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I'm refactoring an expense tracker system using Object Calisthenics. I'm able to bring my Class down to five attributes. How do I go forward from here?

This is my class right now.

public class Expense {
    private Identifiers ids;
    private AmountInCurrency amountInCurrency;
    private Remarks remarks;
    private UserList userList;
    private ExpenseDate expenseDate;
} 

Identifiers has attributes expenseId and reportId

AmountInCurrency has an amount and a currency

Remarks has a string with remarks.

UserList has a List which is List as User has only userName (String).

ExpenseDate is a Date object.

Also I have a sql database where i'm storing the contents of the Expense object. Should I directly pass the expense object and retrieve the primitives or should I create an entity object which takes this expense object as a constructor argument?

NOTE : This is not production code, I'm doing this just as an exercise.

  • Looks minimal to me. – Sebastian Redl Feb 12 '14 at 18:09
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    I wasn't sure what Object Calisthenics referred to so I looked it up quickly here: javaworld.com/article/2081135/core-java/… ...for anyone else who doesn't know the term. – FrustratedWithFormsDesigner Feb 12 '14 at 18:20
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    This "Object Calisthenics" sounds really narrow-minded. I don't really think those are good principles to follow. – Euphoric Feb 12 '14 at 18:46
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    I believe this question incites arguments. I find most of the object calisthenics to be encouraging obscure coding. To most practical purposes, your class looks just fine. – ring bearer Feb 12 '14 at 20:11
  • @Euphoric: Agree, but as I read it, the approach is not intended to revolutionize the SW industry. It is nothing more than a quiz, sth. like "code golf". – JensG Feb 13 '14 at 9:21
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Object Calisthenics are simply theoretical exercises, which provide a good way train programmers to write cleaner code. This means that:

  1. You shouldn't use Calisthenics when writing production code. Those are not best practices, and not even guidelines for production code.

  2. There would always be counter-examples, i.e. cases where applying Calisthenics would lead to bad code. For example, there are numerous cases where code which uses else keyword would be much simpler than inheritance.

In your case, the object looks pretty clear. You may put some of its properties into objects and inherit from them or use them as properties, but probably in your precise context, it would only lead to:

  • More code,
  • Harder to understand architecture,
  • Difficulty to apply other Calisthenics, like, together, keeping entities small and using one dot per line.

For example, you may start by doing the following:

// One property less.
public class Expense {
    private Identifiers ids;
    private AmountInCurrency amountInCurrency;
    private UserList userList;
    private ExpenseDate expenseDate;
}

public class CommentedExpense {
    private Expense expense;
    private Remarks remarks;
}

Following the comments to the original question, I think it's useful to detail a bit the context and the goal of Object Calisthenics.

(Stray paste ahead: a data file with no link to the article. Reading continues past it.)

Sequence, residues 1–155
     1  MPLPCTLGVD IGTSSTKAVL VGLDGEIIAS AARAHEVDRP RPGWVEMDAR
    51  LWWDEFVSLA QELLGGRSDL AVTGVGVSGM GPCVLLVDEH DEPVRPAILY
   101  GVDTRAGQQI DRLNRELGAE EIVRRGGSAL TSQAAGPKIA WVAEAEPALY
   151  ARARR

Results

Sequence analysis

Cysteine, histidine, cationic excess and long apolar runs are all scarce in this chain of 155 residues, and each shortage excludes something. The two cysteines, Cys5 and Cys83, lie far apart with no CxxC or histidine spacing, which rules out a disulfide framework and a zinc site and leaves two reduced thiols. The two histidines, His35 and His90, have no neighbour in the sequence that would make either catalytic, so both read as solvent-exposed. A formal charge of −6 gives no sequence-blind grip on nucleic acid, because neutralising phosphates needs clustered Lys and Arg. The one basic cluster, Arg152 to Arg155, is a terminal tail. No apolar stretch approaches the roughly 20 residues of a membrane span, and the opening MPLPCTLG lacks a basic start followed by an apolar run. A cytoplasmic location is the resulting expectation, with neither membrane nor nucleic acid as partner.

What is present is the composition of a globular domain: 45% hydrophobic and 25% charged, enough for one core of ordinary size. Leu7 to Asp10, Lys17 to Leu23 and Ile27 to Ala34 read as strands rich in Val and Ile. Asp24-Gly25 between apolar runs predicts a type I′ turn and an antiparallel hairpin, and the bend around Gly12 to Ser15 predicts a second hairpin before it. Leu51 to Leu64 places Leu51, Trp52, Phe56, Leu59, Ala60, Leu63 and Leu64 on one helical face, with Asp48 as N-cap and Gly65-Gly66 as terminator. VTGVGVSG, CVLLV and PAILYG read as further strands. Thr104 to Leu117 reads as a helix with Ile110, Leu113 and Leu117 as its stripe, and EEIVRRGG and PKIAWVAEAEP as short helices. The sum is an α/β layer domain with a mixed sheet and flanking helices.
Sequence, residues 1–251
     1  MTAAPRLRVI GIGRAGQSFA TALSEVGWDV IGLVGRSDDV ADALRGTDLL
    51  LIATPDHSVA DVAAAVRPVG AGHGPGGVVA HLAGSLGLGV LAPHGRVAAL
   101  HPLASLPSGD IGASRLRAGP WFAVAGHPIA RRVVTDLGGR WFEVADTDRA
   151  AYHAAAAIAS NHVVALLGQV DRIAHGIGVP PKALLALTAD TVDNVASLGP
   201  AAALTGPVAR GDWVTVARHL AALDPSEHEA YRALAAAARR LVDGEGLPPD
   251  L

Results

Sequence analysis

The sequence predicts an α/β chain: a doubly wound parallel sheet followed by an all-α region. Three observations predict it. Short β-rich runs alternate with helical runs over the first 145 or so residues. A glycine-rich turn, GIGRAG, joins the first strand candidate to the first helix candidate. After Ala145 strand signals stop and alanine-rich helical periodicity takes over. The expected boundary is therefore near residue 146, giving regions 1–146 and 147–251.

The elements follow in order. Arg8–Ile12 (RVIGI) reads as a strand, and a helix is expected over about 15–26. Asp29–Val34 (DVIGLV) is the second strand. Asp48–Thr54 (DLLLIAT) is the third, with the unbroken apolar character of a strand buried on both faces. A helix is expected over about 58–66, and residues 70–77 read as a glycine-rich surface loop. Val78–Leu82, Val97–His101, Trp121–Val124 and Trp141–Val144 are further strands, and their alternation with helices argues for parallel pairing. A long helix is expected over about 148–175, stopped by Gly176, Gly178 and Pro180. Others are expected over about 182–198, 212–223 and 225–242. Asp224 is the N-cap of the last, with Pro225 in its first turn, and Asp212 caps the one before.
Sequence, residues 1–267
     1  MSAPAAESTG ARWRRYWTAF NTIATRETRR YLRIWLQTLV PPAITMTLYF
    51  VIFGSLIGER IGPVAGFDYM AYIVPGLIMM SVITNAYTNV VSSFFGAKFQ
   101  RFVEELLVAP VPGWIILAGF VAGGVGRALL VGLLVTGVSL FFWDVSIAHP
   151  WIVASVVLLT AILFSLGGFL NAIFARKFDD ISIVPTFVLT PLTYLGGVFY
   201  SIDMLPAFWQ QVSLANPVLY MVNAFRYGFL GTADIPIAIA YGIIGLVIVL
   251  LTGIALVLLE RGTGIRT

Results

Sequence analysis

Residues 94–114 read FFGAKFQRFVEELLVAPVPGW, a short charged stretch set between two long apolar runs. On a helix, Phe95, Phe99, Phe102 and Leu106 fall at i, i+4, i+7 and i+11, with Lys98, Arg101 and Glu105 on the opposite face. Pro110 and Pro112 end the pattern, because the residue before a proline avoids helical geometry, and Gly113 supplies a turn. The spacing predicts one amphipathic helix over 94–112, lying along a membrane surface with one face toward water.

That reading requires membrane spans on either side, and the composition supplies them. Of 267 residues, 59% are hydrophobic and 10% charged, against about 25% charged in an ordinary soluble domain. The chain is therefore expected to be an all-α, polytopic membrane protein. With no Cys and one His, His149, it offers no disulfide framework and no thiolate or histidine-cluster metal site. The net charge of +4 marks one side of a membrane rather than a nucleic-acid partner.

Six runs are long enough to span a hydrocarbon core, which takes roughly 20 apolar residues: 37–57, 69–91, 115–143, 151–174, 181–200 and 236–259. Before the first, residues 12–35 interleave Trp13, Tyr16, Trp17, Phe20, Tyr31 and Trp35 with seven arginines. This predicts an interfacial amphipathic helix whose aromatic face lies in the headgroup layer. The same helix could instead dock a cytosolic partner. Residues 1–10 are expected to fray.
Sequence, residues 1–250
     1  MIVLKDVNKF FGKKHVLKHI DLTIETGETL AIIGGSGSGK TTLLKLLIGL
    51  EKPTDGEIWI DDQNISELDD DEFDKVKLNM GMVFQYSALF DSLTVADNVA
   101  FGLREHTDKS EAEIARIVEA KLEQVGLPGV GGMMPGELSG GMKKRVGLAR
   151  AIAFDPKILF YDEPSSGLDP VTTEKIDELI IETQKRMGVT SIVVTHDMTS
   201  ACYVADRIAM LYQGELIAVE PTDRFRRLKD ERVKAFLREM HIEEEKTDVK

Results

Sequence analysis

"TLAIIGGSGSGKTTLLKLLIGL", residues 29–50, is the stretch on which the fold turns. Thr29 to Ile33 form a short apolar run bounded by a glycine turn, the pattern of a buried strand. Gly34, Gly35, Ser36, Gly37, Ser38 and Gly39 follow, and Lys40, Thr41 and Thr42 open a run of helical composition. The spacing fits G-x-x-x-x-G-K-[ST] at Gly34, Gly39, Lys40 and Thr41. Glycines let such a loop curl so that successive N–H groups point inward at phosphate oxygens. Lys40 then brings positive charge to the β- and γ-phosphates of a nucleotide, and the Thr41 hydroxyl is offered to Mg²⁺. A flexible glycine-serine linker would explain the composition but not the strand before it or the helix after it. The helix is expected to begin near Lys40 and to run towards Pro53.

The original paper (RTF document) is not absolutely clear on the subject, but much clearer compared to some of the websites and articles of Object Calisthenics adepts and followers, who make others believe that everyone should follow the described rules every time, everywhere.

Here's a relevant quote from the document, emphasis mine:

Do a simple project using far stricter coding standards than you’ve ever used in your life. Below, you’ll find 12 “rules of thumb” that will help push your code into good object-oriented shape.

By suspending disbelief, and rigidly applying these rules on a small, 1000 line project, you’ll start to see a significantly different approach to designing software. Once you’ve written 1000 lines of code, the exercise is done, and you can relax and go back to using these 12 rules as guidelines.

This is a hard exercise, especially because many of these rules are not universally applicable. The fact is, sometimes classes are a little more than 50 lines. But there’s great value in thinking about what would have to happen to move those responsibilities into real, first-class-objects of their own. It’s developing this type of thinking that’s the real value of the exercise. So stretch the limits of what you imagine is possible, and see whether you start thinking about your code in a new way.

In other words, the intention of the original author was never to incite people to use those rules for production code. Those rules have only a theoretical goal.

I've found it to be pretty useful for the programmers with years of experience who still write 500-LOC functions with 15 embedded if/for blocks. Applying Object Calisthenics on a tiny project is a good way to make them discover professional programming, give them basic habits they may then follow for production code and awake their curiosity to make them search for design patterns, inheritance, Dependency Injection, etc.

  • thanks for the heads up. I didn't read anywhere that it shouldn't be used for production code before and googled a little after you have mentioned it. – Arvind Sridharan Feb 13 '14 at 5:40
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    @ArvindSridharan: I edited my answer to include more information about the goal and the usage of Object Calisthenics. – Arseni Mourzenko Feb 13 '14 at 7:56

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